“Living Planet Report” Describes a World Under Pressure
Government officials, scientists, activists, and others who participated in the Rio+20 conference last month, strived to reorient international policies so that they are less damaging to Earth’s climate, environment, and populations. In an effort to guide discussions in advance of the conference and initiatives afterward, the global conservation group WWF has released the latest edition of its Living Planet Report, documenting the startling challenges of unsustainable resource consumption and decreasing biodiversity that the world now faces.
The 2012 Living Planet Report presents a bleak picture of humanity’s ever-rising demand for natural resources, and the resulting impacts on biological diversity and ecosystem health. Yet this assessment shouldn’t be a reason for complacency. If we act now, it is still possible to reverse some of the perilous trends we face. Action will ensure increased resiliency in all communities, as well as in nature.
The report assesses the state of the planet using three main indicators: the Living Planet Index, the Ecological Footprint, and the Water Footprint of Production. These indicators provide a multi-faceted view of conditions on Earth and provide important data that decision makers can use to evaluate the efficacy of policies and to adaptively manage sustainable development.
The first indicator, the Living Planet Index, draws from species population data to reveal the state of global biological diversity. The data indicate that Earth’s biodiversity has declined by 30 percent annually since 1970. By quantifying such losses to biodiversity worldwide, the index provides policymakers with the underlying data to support their efforts to protect vulnerable species and ecosystems.
The second indicator is the Ecological Footprint, which examines humanity’s use of natural resources by tracking consumption patterns compared to Earth’s capacity to regenerate those resources (its “biocapacity”). Biocapacity is measured as the land and forest area required to produce the resources, develop associated infrastructure, and sequester the carbon dioxide not absorbed by the ocean. According to the index, humanity breached Earth’s biocapacity through land development as early as 1970; subsequently, the world’s population has exceeded the sustainable boundaries for fishing, forests, grazing, and cropland. We have yet to surpass the projected carbon boundary, but we approach it every day that carbon dioxide concentrations increase.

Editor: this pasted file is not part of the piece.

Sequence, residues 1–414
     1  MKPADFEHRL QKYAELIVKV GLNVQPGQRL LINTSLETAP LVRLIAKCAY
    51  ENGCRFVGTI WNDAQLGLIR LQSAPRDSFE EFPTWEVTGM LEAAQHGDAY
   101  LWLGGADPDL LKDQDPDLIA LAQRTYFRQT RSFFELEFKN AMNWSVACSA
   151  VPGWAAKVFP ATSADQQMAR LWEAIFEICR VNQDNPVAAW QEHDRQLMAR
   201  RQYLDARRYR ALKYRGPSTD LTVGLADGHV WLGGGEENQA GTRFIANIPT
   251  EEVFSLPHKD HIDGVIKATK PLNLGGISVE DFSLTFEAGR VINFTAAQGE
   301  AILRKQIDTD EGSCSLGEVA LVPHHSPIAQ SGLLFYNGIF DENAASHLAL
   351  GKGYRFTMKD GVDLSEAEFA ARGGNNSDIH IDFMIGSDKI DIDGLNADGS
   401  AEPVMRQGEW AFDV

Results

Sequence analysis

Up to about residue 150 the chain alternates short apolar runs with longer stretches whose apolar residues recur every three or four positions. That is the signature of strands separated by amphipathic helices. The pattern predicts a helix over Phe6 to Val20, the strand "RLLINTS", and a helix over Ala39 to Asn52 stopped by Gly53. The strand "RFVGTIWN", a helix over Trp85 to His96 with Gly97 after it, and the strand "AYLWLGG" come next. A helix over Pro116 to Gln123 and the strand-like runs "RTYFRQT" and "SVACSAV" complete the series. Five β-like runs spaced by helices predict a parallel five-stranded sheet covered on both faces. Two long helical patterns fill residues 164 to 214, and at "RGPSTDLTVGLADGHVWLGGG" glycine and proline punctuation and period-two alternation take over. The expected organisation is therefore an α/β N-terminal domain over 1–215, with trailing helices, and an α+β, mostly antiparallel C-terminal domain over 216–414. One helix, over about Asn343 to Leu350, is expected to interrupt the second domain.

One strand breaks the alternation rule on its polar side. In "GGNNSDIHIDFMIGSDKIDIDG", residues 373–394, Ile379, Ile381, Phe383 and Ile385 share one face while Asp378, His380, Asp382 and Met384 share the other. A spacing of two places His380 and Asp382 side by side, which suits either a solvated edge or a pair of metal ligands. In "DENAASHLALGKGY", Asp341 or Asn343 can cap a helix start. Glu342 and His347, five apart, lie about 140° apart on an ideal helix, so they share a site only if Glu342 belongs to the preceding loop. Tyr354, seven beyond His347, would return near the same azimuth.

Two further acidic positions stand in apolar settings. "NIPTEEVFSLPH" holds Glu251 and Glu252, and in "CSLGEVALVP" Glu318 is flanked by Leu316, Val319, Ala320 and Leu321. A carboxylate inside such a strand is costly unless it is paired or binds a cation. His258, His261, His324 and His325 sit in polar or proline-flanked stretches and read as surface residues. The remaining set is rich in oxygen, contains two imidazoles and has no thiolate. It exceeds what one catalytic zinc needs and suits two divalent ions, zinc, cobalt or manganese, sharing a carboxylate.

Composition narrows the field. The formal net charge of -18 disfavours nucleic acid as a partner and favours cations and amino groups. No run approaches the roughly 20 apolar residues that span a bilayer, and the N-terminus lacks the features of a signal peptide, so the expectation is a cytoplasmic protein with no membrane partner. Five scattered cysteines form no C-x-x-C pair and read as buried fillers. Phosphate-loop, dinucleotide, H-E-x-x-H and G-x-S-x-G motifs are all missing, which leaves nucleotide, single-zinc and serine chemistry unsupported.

Our rapid rate of resource consumption places planetary systems under enormous pressure. According to the report, in 2008, humanity’s ecological footprint exceeded Earth’s biocapacity by more than 50 percent. This imbalance will only increase as populations achieve higher standards of living and increase their consumption, placing higher demands on resources. To resduce this pressure, it is critical that societies embrace a new measure of “progress,” replacing the growth-oriented metric of GDP with a more encompassing index that emphasizes societal well-being and sustainable consumption.
The report’s third indicator, the Water Footprint of Production, studies the vulnerability of populations to water shortages. It provides a second assessment of human demand on natural resources and concludes that “2.7 billion people around the world already live in catchments that experience severe water shortages for at least one month a year.”
After presenting trends in the three indicators, the Living Planet Report discusses the options for achieving sustainability in the face of increased stressors and climate change. Among the solutions, it proposes ways to change food consumption patterns and halt deforestation through conservation and reforestation efforts. The report also emphasizes the importance of governance in providing effective solutions, given the scale of these challenges. To succeed, societies will need to support strong leaders—leaders who recognize the urgency of protecting the interests of future generations, no matter the short-term political costs.
(First published on Worldwatch Institute's blog: http://blogs.worldwatch.org/sustainableprosperity/ and Written by Antonia Sohns)
This work is licensed under a Creative Commons Attribution-Noncommercial 3.0 License.